In the 70's Itô settled the excursion theory of Markov processes, which is nowadays a fundamental tool for analyzing path properties of Markov processes. In his theory, Itô also introduced a method for building Markov processes using the excursion data, or by gluing excursions together, the resulting process is known as the recurrent extension of a given process. Since Itô's pioneering work the method of recurrent extensions has been added to the toolbox for building processes, which of course includes the martingale problem and stochastic differential equations. The latter are among the most popular tools for defining stochastic processes, in particular in applied models as they allow to physically describe the infinitesimal variations of the studied phenomena. In this work we answer the following natural question. Assume \(X\) is a Markov process taking values in \(\mathbb{R}\), that dies at the first time it hits a distinguished point of the state space, say \(x_0\in\mathbb{R}\), which happens in a finite time a.s. that \(X\) satisfies a stochastic differential equation, and finally that \(X\) admits a recurrent extension, say \(\widetilde{X}\), that is a processes that behaves like \(X\) up to the first hitting time of \(x_0\), and for which \(x_0\) is a recurrent and regular state. If any, what is the SDE satisfied by \(\widetilde{X}\) ? Our answer allows us to describe the SDE satisfied by many Feller processes. We analyze various particular examples, as for instance the so-called Feller brownian motions and diffusions, which include their sticky and skewed versions, and also self-similar Markov processes, continuous state branching processes and real valued Lévy processes.

Consider a birth-death process started from one individual in which each individual gives birth at rate \(\lambda\) and dies at rate \(\mu\), so that the population size grows at rate \(r = \lambda - \mu\). Lambert (2018) and Harris, Johnston, and Roberts (2020) came up with methods for constructing the exact genealogy of a sample of size \(n\) taken from this population at time \(T\). We use the construction of Lambert (2018), which is based on the coalescent point process, to obtain asymptotic results for the site frequency spectrum associated with this sample. We also explain how to apply these results to obtain a confidence interval for the growth rate of an exponentially growing tumor.

The continuum Derrida-Retaux system originates from some hierarchical renormalization models in statistical physics, and can be viewed as an exactly solvable growth-fragmentation process in the sense of Bertoin. I am going to make elementary discussions on asymptotic properties of the system.

Joint work with Bernard Derrida and Thomas Duquesne.

We will introduce and study a variant of a well-known model in population genetics, named Muller's ratchet, which is seen as one explanation of the ubiquity of sexual selection in Nature. Consider a population of \(N\) individuals, each of them carrying a type
in \(\mathbb{N}\). The population evolves according to a Moran dynamics with selection and mutation, where an individual of type \(k\) has the same selective advantage over all individuals with type \(k'>k\), and type \(k\) mutates to type \(k+1\) at a constant rate (in the classical Muller's ratchet, the selective advantage is proportional to \(k'−k\) ). For a regime of selection strength and mutation rates which is between the regimes of weak and strong selection/mutation, we obtain the asymptotic rate of the click times of the ratchet (i.e. the times at which the hitherto minimal (`best') type in the population is lost), and reveal the quasi-stationary type frequency profile between clicks. The large population limit of this profile is characterized as the normalized attractor of a `dual' hierarchical multitype logistic system. An important role in the proofs is played by a graphical representation of the model, both forward and backward in time, and a central tool is the ancestral selection graph decorated by mutations.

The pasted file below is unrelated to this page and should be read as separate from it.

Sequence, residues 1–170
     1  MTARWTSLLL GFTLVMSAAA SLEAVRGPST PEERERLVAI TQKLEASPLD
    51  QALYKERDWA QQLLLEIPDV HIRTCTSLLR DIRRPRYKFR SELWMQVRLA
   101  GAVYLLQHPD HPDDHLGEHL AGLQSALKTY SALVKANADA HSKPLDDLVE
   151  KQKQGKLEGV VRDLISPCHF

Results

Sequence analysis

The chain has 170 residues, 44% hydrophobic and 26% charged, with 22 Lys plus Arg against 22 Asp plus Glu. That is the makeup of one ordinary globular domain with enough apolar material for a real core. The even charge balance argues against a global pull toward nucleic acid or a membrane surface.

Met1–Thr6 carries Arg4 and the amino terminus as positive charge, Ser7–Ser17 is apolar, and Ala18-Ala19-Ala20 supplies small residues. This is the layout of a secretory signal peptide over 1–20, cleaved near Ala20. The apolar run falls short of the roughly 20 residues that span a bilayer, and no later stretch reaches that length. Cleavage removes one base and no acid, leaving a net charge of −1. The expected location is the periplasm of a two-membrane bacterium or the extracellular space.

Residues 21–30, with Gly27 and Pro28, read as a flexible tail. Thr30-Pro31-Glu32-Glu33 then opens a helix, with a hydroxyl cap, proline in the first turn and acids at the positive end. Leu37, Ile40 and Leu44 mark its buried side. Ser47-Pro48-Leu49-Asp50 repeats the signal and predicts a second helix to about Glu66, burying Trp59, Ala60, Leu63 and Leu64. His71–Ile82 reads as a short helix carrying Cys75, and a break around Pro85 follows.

This is a joint work with A. Gonzalez Casanova and Anton Wakolbinger.

The CRT is the scaling limit of the UST on the complete graph. The Aldous Broder chain on a graph \(G=(V,E)\) is a MC with values in the space of rooted trees with vertices in \(V\) that is invariant under the uniform distribution on the space of rooted trees spanning
\(G\). In Evans, Pitman and Winter (2006) the so-called root growth with regrafting process (RGRG) was constructed. It was further shown that the suitable rescaled Aldous Broder chain converges to the RGRG weakly with respect to the GH-topology. It was shown in Peres and Revelle (2005) that (up to a dimension depending constant factor) the CRT is also the Gromov-weak scaling limit of the UST on the \(d\)-dimensional torus, \(d \geq 5\). This result was recently strengthens in Archer, Nachmias and Shalev (2021+) to convergence with respect to the GH-weak topology, and therefore also with respect to the GH-topology. In this talk we show that also the suitable rescaled Aldous Broder chain converges to the RGRG weakly with respect to the GH-topology when initially started in the trivial rooted tree.

Joint work with Osvaldo Angtuncio Hernandez and Gabriel Berzunza Ojeda.

Continuous-state branching processes (CSBPs) with nonlinear branching mechanism can be obtained from spectrally positive Lévy processes by generalized Lamperti time change. These generalized CSBPs allow rich behaviours of extinction, explosion and coming down from infinity. The explosion behaviours for nonlinear CSBPs have been studied in Li and Zhou (2021) when the big jumps of the process have a finite first moment. In this talk we further consider the explosion behaviours for such processes with jumps of infinite first moment. In particular, we identify the speed of explosion when the associated Laplace exponent and rate function are both regularly varying.

This talk is based on joint work with Clement Foucart and Bo Li.